Government has succumbed to pressure from Wakiso District leaders and dropped a proposal by State House to take over management of Entebbe Grade A Hospital, Daily Monitor has established.
According to Health Minister Dr Jane Aceng, government will instead merge both Entebbe Grade A and Grade B hospitals to form one regional referral hospital.
“It is true our negotiations have born fruits and the controversy surrounding the Entebbe Grade A Hospital is no more,” Dr Aceng said in an interview on Tuesday.
“We have now resolved as government to merge both hospitals to form one regional referral hospital with more specialists and improved services.”
Dr Aceng said since the disagreement cropped up on the proposal to give away Entebbe Grade A to State House, her ministry undertook to study the population density of Wakiso District and discovered that the area requires a bigger health facility to cater for the rapidly growing population in the district.
“Currently, the population of Wakiso is estimated at 2.5m people and according to the Ministry of Health policy, once the population of a district or a region hits 2 million people, it means that there is need to elevate the existing facility in that area to a regional referral hospital,” she said.
The minister revealed that once Entebbe Grade A is upgraded to a regional referral hospital, it will be under the Ministry of Health, but supervised by Wakiso district and there will be a board made up of only people from Wakiso District with one representative from the ministry.
When government through the Ministry of Health first came up with a proposal to give away Entebbe Grade A hospital to State House, Wakiso leaders led by the district chairperson, Mr Matia Lwanga Bwanika, opposed the move, claiming the government had sinister plans to steal the four acre-piece of land on which the hospital sits.
However, government dismissed the claims as unfounded. Since then, there have been back –and-forth negotiations between district leaders and Ministry of Health officials to resolve the impasse.
Dr Aceng said government has tasked Wakiso District leadership to identify three health facilities in the district from which the ministry will choose one that will become a district hospital.
“We are leaving it to them to decide which health facility among those they have should become a district hospital and I am sure they will soon get back to us,” she said.
When contacted, Mr Bwanika was upbeat about the development, saying the government had finally responded to their concerns and “took the right decision”.
“When we first received information that State House wanted to manage Entebbe Grade A Hospital, we thought they were targeting its vast prime land and even convert the facility into a First Family hospital. Of course, this meant that other people will not have access to the hospital for treatment, something we had to oppose. I am happy that we are now pulling in the same direction,” he said.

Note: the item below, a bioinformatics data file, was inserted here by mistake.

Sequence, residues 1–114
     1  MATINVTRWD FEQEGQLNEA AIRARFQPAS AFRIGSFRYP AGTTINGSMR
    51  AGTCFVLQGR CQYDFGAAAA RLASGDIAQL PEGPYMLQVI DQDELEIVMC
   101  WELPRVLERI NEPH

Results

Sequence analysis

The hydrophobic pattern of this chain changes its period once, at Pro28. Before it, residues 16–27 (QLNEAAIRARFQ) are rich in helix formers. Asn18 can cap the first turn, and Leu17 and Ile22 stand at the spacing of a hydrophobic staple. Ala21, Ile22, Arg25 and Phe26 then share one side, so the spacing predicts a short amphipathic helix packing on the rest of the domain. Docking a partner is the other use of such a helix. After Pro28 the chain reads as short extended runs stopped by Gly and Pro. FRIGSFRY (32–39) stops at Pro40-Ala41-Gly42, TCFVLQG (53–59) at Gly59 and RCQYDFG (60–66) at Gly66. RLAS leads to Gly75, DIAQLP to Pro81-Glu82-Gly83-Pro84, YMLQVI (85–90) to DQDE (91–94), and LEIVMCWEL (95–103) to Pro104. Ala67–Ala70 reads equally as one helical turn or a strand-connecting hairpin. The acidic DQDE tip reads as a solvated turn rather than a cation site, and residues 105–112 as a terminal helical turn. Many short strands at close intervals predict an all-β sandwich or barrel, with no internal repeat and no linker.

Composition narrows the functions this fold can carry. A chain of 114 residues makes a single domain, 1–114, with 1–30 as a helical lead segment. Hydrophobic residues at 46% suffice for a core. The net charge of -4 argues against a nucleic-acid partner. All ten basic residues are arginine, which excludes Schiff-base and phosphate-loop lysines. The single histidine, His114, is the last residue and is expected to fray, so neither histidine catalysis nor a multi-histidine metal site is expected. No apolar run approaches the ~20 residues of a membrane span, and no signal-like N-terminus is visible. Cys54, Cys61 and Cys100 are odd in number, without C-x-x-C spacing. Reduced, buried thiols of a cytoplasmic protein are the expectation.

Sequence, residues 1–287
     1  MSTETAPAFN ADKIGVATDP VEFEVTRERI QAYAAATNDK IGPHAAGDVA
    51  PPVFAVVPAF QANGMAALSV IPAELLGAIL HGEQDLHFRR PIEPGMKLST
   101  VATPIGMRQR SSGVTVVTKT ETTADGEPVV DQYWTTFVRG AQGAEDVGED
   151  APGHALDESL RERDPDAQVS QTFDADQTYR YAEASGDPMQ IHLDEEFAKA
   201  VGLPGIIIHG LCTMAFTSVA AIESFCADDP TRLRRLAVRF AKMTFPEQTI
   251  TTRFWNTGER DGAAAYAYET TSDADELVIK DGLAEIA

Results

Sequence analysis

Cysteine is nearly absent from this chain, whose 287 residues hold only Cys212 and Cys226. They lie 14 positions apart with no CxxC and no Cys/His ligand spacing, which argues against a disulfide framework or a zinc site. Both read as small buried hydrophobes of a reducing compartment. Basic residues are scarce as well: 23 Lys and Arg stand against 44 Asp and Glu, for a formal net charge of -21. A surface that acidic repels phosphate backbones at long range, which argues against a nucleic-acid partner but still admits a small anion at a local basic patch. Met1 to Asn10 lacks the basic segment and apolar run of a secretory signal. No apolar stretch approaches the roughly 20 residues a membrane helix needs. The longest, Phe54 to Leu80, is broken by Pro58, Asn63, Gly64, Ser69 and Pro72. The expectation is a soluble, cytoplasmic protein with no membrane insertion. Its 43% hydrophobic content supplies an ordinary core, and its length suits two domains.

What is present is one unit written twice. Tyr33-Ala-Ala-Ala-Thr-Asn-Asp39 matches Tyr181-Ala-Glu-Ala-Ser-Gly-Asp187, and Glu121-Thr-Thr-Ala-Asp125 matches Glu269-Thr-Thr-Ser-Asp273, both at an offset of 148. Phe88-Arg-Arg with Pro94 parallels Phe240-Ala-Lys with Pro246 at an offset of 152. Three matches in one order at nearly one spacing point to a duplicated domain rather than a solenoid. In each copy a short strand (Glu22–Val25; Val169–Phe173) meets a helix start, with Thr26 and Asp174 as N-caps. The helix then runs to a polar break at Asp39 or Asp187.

According to the draft MoU, which Daily Monitor has seen, State House had promised to renovate and promote staff integrity as well as equip the hospital with modern equipment.
The MoU would also allow Staff House staff access affordable treatment and care at the facility.
The agreement was supposed to be in force for five years and could be mutually extended by the partners in case of need.
Dr Robert Kagwire, the district health officer, said once both Entebbe Grade A and Grade B hospitals are merged and upgraded to a regional referral facility, it will cater for a bigger number of patients compared to what they are handling today.
“What our people should expect are the improved services. The hospital is going to get a facelift like it was done on Entebbe Grade B wing and I ask the entire Wakiso leadership to support the project,” Dr Kagwire said.
Government through the Ministry of Health in 2012 tried to take over management of Entebbe Grade A hospital citing security reasons, since the facility is adjacent to the President’s residence.
The hospital, which serves an estimated 6,000 people from Entebbe, Wakiso and islands of Bussi, Buvuma and Kalangala, was built by the British in 1904 and borders State House, Entebbe gate.
Once the facility is elevated to a regional referral status, it would bring the number of regional referral hospitals to 14. Uganda has a total of 155 hospitals (both public and private),of which two (Mulago and Butabika) are national referral hospitals.